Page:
Climb aboard for an exciting ride as we enter the world of contemporary thrifting. You’ve heard me say that before, but this time, “turn and run” — the creep meter is registering, and this one makes little sense (at first, anyway).
I saw it on a top shelf at the Goodwill thrift store in Port Orchard, an enamelware speckle-splashed wok pan with a bright yellow lid. The store was packed as usual, but not a soul took notice of the odd wok. Taking it down, I noticed the label indicated it had sat there for several weeks. I made a comment about the lid being a mismatch and the women next to me agreed.
Lately, I’ve been attracted to unusual, post-midcentury enamelware kitchen items. Many, including me, refer to the ’70s and ’80s as midcentury, while purists would not. Even though better judgement said “walk away,” I did buy it that day, mainly out of curiosity.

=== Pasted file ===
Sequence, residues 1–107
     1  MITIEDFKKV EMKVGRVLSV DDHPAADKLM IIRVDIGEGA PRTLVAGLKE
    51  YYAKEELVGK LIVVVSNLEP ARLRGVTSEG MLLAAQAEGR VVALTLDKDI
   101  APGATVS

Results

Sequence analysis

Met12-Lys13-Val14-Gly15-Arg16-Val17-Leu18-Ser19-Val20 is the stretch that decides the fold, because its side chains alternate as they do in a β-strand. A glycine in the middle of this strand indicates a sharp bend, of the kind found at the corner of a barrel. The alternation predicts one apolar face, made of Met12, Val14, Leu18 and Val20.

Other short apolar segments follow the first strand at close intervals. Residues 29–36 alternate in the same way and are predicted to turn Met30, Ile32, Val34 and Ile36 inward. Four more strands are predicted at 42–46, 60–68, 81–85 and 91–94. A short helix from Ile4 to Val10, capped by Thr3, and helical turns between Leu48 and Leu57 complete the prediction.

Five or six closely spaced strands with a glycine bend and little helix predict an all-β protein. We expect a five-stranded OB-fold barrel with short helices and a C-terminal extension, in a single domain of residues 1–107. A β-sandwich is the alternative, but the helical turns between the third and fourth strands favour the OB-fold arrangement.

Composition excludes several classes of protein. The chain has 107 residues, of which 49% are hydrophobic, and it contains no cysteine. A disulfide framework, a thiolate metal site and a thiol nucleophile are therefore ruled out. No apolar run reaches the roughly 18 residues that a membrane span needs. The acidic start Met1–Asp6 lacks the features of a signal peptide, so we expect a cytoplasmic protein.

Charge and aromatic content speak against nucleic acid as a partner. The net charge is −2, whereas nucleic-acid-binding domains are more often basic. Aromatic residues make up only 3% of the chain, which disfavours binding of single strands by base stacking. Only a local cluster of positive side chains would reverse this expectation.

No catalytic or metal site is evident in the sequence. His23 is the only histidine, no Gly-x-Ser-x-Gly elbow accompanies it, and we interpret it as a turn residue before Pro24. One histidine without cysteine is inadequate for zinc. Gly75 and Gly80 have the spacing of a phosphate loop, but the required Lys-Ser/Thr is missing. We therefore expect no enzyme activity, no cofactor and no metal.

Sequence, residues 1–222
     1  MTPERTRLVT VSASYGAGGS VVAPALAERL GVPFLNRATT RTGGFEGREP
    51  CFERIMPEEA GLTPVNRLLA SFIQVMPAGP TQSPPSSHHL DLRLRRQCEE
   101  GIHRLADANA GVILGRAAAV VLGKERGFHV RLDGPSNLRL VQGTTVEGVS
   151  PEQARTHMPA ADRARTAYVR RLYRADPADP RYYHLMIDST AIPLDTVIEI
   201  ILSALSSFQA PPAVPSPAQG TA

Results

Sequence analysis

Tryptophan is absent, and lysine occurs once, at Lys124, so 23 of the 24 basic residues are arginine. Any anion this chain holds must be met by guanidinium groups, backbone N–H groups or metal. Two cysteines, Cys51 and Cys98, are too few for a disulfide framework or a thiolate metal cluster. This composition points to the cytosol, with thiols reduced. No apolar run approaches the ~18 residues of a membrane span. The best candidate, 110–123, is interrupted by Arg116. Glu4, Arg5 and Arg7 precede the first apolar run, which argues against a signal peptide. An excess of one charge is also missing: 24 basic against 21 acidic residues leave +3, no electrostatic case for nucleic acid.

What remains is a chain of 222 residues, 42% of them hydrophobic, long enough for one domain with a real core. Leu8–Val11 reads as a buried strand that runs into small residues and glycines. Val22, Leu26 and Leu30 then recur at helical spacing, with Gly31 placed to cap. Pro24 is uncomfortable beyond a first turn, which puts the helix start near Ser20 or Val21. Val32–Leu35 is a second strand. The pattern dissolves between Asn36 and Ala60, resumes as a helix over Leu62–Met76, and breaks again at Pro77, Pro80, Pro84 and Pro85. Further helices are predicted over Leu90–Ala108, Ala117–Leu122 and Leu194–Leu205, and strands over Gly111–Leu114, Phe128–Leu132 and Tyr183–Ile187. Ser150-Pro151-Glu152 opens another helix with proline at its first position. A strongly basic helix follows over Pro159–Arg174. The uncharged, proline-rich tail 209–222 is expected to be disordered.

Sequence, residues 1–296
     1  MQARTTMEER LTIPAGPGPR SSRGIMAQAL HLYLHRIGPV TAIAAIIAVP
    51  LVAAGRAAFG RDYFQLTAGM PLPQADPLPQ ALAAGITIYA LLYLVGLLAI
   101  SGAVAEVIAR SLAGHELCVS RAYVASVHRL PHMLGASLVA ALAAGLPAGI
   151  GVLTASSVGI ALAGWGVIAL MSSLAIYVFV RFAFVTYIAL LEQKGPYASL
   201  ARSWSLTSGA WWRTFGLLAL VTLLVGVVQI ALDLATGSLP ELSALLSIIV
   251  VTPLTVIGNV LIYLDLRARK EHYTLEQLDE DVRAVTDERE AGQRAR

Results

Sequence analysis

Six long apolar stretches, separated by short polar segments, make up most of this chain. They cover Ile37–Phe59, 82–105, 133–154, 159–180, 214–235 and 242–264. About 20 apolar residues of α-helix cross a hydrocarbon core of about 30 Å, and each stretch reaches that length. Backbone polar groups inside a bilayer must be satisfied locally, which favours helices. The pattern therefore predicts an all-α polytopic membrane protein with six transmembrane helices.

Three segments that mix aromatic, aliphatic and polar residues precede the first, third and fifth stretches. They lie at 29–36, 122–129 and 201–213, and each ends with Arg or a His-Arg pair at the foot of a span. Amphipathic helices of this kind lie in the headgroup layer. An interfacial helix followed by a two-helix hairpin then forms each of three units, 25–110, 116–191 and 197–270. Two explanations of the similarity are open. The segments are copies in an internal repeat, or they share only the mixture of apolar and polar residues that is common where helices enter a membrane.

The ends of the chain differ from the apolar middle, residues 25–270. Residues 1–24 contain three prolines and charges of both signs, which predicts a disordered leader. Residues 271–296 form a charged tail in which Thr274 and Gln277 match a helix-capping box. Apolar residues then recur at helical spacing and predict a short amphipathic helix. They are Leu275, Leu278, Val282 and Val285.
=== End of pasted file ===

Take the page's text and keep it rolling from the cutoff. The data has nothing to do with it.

Research began immediately, and I’ll admit, the item grew on me. The yellow clunky lid did go with the pan, after all, as the top knob and the pan handles matched.
Spending time to research online and ask groups for help didn’t produce results. I even tried a photo-identification app. The yellow splashing seemed amateurish, top knob wasn’t straight, there were no identifying markings and maybe it had an initial undercradle. Woks were very popular in the ’70s and I assumed this to be one of them.
According to my thrift experts, vintage woks are hot now. Stir-frying is popular, especially when served from a unique vintage pan. Contemporary kitchens clammer for that one bold visual that goes with nothing, says “look at me,” holds a good quantity of food and, beyond all, makes one smile. This clunk-fest wok meets those requirements, but don’t be looking for it. I’m not returning or donating it back. It’s mine now and just what I don’t need.